12. Barbara says:

    It was a remarkable production and the actor sustained energy, wit and pathos for the entire two hours. I particularly liked the mix of gender confusion/issues, adolescent anxiety in MS and HS and mature reflection on many subjects not least of which is colonization and the immigrant experience. Thank you Karla for your daring.

  13. Mike F. says:

    Saw the show on Feb 6. Virtuoso performance. One person onstage for nearly 2 hrs. Subject matter was unusual, crafted in an interesting way and delivered with grace and power. This was so well performed that I did not realize it was an actor and not the interesex person themself telling their story until after the show.

  14. Steve says:

    Excellent; educational; insightful! Thank you!

  15. Alexis says:

    I saw the performance on Grapenuts Night. My friend and I picked this performance because of the wine tasting. A day before the event we were notified that it would start a half an hour later. This worked for our schedule but it had me wondering why there was a time change. I’m glad that we ate dinner at People’s Restaurant beforehand. The wine choices seemed to go well with the type of food being served. However, the food was just ok (except for the dried out potato triangles). The space was awesome. I think it was a great choice of venue and a great way to get people back on Penn and in Garfield.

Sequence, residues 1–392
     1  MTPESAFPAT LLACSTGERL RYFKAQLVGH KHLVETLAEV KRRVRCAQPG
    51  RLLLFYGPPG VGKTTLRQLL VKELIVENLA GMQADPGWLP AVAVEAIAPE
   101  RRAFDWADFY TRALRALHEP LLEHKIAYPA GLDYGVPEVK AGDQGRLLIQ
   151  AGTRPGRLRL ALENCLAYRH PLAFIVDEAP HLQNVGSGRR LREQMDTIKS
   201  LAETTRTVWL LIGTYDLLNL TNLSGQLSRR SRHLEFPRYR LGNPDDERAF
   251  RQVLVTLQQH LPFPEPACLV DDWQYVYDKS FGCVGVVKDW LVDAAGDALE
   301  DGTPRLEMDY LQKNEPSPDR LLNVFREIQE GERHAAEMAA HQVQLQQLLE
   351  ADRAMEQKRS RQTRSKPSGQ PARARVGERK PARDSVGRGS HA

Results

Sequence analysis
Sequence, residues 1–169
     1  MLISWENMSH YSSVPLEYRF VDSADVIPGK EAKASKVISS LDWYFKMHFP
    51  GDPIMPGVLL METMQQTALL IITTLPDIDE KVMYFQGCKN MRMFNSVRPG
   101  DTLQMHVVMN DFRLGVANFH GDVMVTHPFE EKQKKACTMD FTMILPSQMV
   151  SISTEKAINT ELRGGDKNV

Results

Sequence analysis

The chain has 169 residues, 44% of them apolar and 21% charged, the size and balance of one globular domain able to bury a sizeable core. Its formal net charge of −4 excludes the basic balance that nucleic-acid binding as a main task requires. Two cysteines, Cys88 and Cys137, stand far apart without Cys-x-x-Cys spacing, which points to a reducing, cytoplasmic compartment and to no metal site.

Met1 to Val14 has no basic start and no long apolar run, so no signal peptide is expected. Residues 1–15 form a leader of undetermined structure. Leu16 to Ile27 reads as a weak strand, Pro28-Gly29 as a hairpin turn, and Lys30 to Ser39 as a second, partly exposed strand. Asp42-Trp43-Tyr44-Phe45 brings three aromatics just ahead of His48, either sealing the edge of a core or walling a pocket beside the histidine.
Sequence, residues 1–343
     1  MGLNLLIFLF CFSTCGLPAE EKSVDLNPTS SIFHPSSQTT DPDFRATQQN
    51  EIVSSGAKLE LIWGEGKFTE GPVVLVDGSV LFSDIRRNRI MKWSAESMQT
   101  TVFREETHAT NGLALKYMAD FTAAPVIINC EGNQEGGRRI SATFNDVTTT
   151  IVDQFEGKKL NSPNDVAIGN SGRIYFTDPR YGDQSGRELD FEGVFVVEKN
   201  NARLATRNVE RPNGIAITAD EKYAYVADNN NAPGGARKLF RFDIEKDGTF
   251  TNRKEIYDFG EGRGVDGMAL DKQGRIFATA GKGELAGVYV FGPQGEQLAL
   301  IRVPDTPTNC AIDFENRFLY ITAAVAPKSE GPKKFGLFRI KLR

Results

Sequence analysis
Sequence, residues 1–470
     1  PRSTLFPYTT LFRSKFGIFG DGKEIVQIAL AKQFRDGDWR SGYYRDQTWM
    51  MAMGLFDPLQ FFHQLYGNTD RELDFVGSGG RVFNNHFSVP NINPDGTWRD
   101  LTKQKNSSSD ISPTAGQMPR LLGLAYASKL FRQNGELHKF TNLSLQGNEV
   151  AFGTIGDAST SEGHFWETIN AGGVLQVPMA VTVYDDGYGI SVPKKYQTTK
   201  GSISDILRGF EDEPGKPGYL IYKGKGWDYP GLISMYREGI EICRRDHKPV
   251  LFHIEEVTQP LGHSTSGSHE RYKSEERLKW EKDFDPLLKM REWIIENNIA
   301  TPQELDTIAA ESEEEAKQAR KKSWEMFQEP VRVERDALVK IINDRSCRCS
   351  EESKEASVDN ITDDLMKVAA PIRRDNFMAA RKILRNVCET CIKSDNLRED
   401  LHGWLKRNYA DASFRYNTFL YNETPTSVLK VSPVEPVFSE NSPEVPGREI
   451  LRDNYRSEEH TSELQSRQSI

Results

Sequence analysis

Upon entering the building, very awkward staff were attempting to put wristbands on us. Even though the event was starting later, it seemed that half, if not more, of the room was filled up when we got there. Did they ignore the time change or weren’t they notified? My friend was bumped into by a staff member, which in itself isn’t a big deal, but this same person wasn’t able to tell us what food she was putting in front of us and then later insisted she needed to put bar stools back at the bar during the wine tasting. There wasn’t much room to stand there let alone put chairs back at that moment. Another staff member, who was passing out food, seemed very bothered when asked questions about the food. I was confused and iiritated by my interactions with these people and was hoping the night would get better.

    Well, the opening comic turned me off. It didn’t make sense to me to have this type of comedy before the show. I was wondering if anyone knew the content of the comedian before he went on stage. it was so loud in the room that it was hard to hear him anyway but if you did want to hear him you weren’t missing much.

    Finally, the story was very interesting and important, the acting, accents and memorization of material were equally impressive. Overall, I tried to enjoy the performance but was still somewhat bothered by the events leading up to the start of the show. I was glad we were notified that there wasn’t going to be an intermission when it started but I do think it needed one.